The Protection of Public Information (POPI) Act was signed into law recently with a commencement date due to be announced soon. Once the commencement date is revealed, companies will have one year to comply with the act or face heavy fines.
The act regulates how companies can collect, store, and secure the personal information of individuals and entities and brings South Africa in line with international laws on privacy.
POPI is an all-inclusive piece of legislation that safeguards the integrity and sensitivity of private information. Companies that handle personal particulars, such as telcos or banks, will be required to carefully manage the data capture and storage process. They will also have to get permission to keep data and disclose the reasons for needing it.
The Act will apply to a wide variety of information, including contact details and correspondence, human resources and payroll data, curricula vitae, applications for employment, CCTV records, performance reviews and internal e-mail records.
POPI also outlines stringent cross-border data transfer requirements as information may not be relocated to countries with inadequate information protection frameworks.
POPI lays out eight conditions, which need to be met in order for the processing of personal data to be lawful. These conditions are:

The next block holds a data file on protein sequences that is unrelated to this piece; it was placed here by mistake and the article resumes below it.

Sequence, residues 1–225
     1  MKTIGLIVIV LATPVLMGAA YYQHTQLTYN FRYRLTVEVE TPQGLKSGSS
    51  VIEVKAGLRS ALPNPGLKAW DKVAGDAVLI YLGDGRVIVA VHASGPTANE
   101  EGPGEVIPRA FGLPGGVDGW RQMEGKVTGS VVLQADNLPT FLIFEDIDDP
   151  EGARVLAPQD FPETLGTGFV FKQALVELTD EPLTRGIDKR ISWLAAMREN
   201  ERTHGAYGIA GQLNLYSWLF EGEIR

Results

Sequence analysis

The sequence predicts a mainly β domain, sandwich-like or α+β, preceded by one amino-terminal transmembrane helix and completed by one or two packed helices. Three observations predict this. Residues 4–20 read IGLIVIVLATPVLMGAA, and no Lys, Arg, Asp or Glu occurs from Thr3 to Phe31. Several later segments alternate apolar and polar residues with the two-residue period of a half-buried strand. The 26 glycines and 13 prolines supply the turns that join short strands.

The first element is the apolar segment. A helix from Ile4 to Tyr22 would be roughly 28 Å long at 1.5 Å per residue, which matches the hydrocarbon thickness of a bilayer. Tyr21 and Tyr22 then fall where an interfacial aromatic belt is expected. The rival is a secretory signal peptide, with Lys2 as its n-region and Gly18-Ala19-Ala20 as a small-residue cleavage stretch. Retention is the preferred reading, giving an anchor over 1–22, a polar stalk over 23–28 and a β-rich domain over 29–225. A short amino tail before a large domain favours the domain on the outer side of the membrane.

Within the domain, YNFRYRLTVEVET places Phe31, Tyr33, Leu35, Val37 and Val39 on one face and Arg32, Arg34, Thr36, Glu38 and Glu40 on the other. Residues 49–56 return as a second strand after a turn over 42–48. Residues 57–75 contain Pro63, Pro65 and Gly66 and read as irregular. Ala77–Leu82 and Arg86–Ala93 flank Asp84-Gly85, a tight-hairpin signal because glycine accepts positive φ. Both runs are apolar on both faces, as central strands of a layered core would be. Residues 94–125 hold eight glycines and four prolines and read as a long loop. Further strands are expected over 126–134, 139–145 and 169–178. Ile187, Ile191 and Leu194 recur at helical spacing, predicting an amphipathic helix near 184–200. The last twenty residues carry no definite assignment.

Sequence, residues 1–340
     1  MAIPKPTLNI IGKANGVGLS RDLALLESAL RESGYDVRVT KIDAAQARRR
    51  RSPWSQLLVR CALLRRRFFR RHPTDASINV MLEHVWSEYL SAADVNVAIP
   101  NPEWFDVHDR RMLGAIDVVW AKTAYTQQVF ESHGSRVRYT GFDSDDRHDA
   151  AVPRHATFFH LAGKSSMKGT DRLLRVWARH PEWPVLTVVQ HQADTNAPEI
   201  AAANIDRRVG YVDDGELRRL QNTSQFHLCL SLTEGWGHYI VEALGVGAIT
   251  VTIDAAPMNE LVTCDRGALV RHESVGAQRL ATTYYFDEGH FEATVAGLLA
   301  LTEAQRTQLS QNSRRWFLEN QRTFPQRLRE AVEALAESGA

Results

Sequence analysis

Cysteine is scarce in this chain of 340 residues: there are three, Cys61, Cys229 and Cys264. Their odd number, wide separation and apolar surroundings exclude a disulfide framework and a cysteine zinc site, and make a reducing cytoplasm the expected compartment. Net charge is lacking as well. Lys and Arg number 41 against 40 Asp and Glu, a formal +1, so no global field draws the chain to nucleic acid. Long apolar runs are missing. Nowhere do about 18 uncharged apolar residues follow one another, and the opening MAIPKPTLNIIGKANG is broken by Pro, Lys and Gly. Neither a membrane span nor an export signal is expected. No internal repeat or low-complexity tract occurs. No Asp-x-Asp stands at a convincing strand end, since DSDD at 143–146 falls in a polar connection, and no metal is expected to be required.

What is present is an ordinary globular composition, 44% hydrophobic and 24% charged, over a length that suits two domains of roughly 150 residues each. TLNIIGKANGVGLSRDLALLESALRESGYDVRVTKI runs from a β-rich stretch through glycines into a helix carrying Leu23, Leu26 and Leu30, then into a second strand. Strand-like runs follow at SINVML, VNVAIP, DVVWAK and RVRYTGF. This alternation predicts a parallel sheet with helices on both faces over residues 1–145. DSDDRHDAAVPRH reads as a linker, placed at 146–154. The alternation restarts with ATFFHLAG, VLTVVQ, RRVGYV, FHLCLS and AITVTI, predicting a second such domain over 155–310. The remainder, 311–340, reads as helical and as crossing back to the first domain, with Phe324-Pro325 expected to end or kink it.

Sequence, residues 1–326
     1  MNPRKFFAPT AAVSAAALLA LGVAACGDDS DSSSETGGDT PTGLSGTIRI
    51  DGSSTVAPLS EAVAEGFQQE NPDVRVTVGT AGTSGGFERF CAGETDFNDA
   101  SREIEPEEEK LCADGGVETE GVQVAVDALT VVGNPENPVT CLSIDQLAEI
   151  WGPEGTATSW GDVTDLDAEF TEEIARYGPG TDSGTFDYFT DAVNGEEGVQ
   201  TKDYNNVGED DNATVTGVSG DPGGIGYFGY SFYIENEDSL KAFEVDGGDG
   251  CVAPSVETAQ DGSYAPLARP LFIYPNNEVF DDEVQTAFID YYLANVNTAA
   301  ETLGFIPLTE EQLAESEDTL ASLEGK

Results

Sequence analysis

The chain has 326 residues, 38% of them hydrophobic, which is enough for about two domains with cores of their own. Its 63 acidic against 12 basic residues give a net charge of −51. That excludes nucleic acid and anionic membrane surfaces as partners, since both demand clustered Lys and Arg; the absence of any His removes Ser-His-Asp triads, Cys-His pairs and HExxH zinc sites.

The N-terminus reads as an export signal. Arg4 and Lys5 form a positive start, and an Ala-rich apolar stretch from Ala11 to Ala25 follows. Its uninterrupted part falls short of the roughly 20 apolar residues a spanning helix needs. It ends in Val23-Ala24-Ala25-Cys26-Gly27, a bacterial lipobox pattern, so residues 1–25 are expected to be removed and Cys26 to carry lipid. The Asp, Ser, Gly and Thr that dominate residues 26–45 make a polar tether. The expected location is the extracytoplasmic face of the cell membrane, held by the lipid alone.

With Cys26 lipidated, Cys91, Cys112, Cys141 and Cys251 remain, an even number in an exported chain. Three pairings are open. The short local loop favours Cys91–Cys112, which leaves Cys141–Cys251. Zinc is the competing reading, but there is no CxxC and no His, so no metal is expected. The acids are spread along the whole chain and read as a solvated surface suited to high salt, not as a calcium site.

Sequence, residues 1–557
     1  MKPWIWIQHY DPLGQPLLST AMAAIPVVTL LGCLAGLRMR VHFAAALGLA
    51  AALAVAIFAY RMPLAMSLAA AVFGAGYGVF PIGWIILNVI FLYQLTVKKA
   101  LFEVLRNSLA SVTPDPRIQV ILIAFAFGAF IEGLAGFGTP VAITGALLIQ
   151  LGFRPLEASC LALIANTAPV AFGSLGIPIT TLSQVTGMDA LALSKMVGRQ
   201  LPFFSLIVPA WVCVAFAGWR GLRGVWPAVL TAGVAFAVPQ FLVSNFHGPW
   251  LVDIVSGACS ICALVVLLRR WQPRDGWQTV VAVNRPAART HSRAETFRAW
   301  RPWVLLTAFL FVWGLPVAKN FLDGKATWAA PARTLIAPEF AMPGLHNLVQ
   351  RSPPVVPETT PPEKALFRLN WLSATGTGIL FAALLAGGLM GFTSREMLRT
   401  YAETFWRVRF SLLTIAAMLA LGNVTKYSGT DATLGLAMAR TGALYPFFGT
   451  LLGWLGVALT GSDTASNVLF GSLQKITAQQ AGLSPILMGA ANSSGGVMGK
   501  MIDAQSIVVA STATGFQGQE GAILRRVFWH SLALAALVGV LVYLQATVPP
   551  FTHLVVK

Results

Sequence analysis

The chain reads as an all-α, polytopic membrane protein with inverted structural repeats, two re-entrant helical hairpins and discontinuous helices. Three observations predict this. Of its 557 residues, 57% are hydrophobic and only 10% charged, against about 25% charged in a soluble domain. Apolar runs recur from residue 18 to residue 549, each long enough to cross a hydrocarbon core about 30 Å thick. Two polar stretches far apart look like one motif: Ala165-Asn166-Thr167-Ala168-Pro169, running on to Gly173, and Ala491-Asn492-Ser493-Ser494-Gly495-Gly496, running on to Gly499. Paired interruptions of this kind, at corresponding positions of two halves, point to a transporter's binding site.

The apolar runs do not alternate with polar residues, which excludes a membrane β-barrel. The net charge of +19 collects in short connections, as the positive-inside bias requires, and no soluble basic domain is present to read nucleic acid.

- Processing limitation
- Purpose specification
- Further processing limitation
- Information quality
- Security safeguards
- Data subject participation
Ritasha Jethva, Governance, Risk and Compliance Lead at Liberty Group South Africa, has outlined some core areas companies need to look at to help ensure they are POPI compliant.
According to Jethva, businesses need a greater understanding of the manner in which personal information is stored and processed, including the systems, processes and how logical and physical access is maintained and managed for the systems and areas housing personal information.
The company must then define a clear privacy incident management, reporting and response process. This will ensure that breaches are rising to the surface, resultant risks and exposures are being managed and that reporting and response strategies are clear and involve the right senior stakeholders.
In addition to this, companies must understand how third parties are adhering to the conditions of POPI and have clear information security strategies, processes, procedures and controls at both the technical and strategic level.
Moreover companies must address the cross-flows of information, both internally within the organisation/across legal entities, as well as cross border flows.
Companies will also need to manage the consent and exception process to ensure that the required consent is captured at the right time, for the right reason and in the right way.
Lastly, companies must invest in training and awareness to ensure that all employees understand the requirements of POPI and the spirit with which it is implemented.